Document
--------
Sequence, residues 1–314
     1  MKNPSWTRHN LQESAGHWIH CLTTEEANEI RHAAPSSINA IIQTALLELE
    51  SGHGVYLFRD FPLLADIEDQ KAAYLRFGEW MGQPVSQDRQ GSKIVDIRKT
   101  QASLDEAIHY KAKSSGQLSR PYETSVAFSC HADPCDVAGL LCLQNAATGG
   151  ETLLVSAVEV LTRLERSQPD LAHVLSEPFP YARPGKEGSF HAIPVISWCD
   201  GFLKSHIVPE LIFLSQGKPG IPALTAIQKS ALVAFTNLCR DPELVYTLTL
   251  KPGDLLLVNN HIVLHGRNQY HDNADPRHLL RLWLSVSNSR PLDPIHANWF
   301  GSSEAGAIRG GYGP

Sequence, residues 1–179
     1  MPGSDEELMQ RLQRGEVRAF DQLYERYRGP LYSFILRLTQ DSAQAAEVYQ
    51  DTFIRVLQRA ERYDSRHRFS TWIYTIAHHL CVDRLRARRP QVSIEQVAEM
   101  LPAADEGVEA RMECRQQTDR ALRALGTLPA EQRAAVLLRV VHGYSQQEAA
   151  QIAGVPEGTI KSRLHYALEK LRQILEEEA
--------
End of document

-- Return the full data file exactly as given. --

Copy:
Sequence, residues 1–314
     1  MKNPSWTRHN LQESAGHWIH CLTTEEANEI RHAAPSSINA IIQTALLELE
    51  SGHGVYLFRD FPLLADIEDQ KAAYLRFGEW MGQPVSQDRQ GSKIVDIRKT
   101  QASLDEAIHY KAKSSGQLSR PYETSVAFSC HADPCDVAGL LCLQNAATGG
   151  ETLLVSAVEV LTRLERSQPD LAHVLSEPFP YARPGKEGSF HAIPVISWCD
   201  GFLKSHIVPE LIFLSQGKPG IPALTAIQKS ALVAFTNLCR DPELVYTLTL
   251  KPGDLLLVNN HIVLHGRNQY HDNADPRHLL RLWLSVSNSR PLDPIHANWF
   301  GSSEAGAIRG GYGP

Sequence, residues 1–179
     1  MPGSDEELMQ RLQRGEVRAF DQLYERYRGP LYSFILRLTQ DSAQAAEVYQ
    51  DTFIRVLQRA ERYDSRHRFS TWIYTIAHHL CVDRLRARRP QVSIEQVAEM
   101  LPAADEGVEA RMECRQQTDR ALRALGTLPA EQRAAVLLRV VHGYSQQEAA
   151  QIAGVPEGTI KSRLHYALEK LRQILEEEA